High-margin contractors focus on finding projects in which their expertise and track record will set them apart from the competition. They develop loyalty by building personal trusted relationships with their customers, spending time with them and working to meet their goals.
Decide What You Want
Determine what you need to do to build a high-margin business by deciding how you want your company to operate in the future. Make a list of what’s working and not working. What does a perfect business look like to you?
Take a step into the future and imagine how your high-margin company would operate if you could wave a magic wand. To get started, write four headings across the top of a piece of paper: company, operations, business development and financial.
Under each of these headings, make a list of what you want to achieve during the next year or beyond. Include anything you want to fix, improve, update, implement or accomplish to move toward a high-margin business.
Below the “company” heading, include your desire to set overall company goals, build a management team, and find responsible employees—things that will give you control over your future.
Below the “operations” heading, list the project management and field work systems you want to fix or develop. When completing the “business development” column, consider what type of customers you want to acquire to increase profit margins, develop customer loyalty and bid against less competition.
Also decide how you will market to potential customers and develop a sales plan to achieve your goals.
Below the “financial” heading, set your annual goals for sales, overhead and net profit. Decide what you want to track on a regular basis including job costs, field productivity rates, equipment costs, crew costs or cash flow.
Focus on What You Want
Most wealthy contractors became wealthy by spending time where they get the greatest return—finding great customers, doing more than their competition, developing a strategic edge in the marketplace, seeking high-margin work, investing time in the hard things that make the most money, building a strong management team and then investing in strategic opportunities.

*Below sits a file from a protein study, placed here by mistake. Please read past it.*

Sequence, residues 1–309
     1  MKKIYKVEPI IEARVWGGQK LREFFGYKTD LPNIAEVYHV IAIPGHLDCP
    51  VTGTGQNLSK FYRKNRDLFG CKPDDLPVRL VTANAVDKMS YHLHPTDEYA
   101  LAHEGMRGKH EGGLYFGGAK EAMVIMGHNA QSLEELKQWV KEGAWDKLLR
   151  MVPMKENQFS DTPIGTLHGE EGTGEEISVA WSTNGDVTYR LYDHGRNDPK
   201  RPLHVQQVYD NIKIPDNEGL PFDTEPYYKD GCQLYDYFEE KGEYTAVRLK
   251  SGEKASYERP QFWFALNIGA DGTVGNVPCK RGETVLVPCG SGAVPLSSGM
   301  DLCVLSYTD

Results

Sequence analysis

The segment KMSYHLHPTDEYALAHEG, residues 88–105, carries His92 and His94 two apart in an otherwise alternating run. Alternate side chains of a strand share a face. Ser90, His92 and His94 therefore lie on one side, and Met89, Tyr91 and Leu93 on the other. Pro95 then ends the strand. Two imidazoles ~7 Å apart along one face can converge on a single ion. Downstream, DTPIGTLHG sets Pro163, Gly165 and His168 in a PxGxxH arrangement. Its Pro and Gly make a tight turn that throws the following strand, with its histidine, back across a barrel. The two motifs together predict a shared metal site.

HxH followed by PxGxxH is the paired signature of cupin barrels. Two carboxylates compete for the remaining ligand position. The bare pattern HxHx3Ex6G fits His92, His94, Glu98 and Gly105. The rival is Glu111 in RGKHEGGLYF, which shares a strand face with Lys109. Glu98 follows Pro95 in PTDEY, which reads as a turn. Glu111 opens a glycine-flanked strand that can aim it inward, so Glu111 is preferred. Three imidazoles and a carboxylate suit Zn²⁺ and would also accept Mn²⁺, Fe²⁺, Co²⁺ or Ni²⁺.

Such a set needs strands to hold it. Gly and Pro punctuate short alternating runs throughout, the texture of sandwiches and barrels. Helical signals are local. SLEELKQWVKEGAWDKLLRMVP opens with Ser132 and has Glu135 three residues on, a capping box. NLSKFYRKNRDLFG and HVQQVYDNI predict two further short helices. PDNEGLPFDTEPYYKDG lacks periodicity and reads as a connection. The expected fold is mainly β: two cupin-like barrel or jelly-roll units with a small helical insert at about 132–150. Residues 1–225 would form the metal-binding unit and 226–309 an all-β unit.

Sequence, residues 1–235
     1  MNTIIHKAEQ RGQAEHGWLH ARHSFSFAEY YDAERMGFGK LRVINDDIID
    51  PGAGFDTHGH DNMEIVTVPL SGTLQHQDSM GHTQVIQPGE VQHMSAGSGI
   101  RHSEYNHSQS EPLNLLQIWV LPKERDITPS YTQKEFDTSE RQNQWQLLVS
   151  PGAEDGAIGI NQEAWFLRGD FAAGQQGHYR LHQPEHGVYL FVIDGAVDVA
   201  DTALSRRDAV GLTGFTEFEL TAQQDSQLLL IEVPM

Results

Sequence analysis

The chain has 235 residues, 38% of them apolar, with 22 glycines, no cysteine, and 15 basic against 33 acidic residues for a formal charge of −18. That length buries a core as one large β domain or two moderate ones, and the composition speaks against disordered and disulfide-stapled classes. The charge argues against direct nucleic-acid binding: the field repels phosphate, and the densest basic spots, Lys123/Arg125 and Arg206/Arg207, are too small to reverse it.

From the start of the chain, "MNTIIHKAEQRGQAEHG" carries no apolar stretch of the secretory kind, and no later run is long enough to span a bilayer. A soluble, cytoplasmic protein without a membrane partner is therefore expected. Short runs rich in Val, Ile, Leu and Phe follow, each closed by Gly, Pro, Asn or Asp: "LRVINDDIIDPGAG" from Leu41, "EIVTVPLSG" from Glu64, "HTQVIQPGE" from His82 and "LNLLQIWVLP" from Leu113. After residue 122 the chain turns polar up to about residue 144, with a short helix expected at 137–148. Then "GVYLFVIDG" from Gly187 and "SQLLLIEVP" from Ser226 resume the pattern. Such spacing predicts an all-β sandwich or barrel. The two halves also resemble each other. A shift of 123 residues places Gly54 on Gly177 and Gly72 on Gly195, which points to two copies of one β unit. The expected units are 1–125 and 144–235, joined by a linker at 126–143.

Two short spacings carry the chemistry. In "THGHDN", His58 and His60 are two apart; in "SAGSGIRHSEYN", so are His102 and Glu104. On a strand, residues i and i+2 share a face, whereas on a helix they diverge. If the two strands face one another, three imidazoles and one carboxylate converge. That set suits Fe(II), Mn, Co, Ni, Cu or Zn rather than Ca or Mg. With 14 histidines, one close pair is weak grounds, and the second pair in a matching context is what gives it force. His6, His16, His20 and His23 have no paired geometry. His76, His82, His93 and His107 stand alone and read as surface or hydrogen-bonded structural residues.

Most poor business owners count their nickels, look for dimes, keep track of the pennies and don’t want to invest their efforts going after high-profit customers and projects that require more work, technical skills, special qualifications, impressive presentations, personal service or extra time to attract or satisfy.
After they collect receivables, pay bills and give themselves a puny paycheck from the leftovers, these money-saving contractors make a small profit margin, if any, which is unacceptable for the energies and hours invested.
It’s time to ask yourself more about what your focus is and where will you spend your time in your business. Are you a high-margin money-maker?
Do you set and track goals, fix what doesn’t work, develop a great team, track your numbers, develop written systems and go after customers and markets where you can actually make major profits margins?
Or do you continue to put out fires, take on too much, chase cheap work and make little money to achieve your long-term goals?
High-Margin Contractors: Prioritize and Ask the right questions
To become a high-margin contractor, start by setting goals. Consider these choices as you list your goals:
- Do I want to make high or low margins?
- Am I out of control or organized?
- Is everything in my head, or should I install written systems?
- Should I make all decisions solely or employ a strong management team?
- Can I hold employees accountable and meet regularly?
- Do I have enough help or should I hire more responsible people?
- Does the company experience steady growth or set growth goals?
- Should I increase marketing or implement a sales action plan?
- Do I focus on one-time customers or develop loyal customers?
- Does my company sell low prices or sell added value?
- Do I track job costs and know the numbers?
- Have I set goals or tracked specific targets?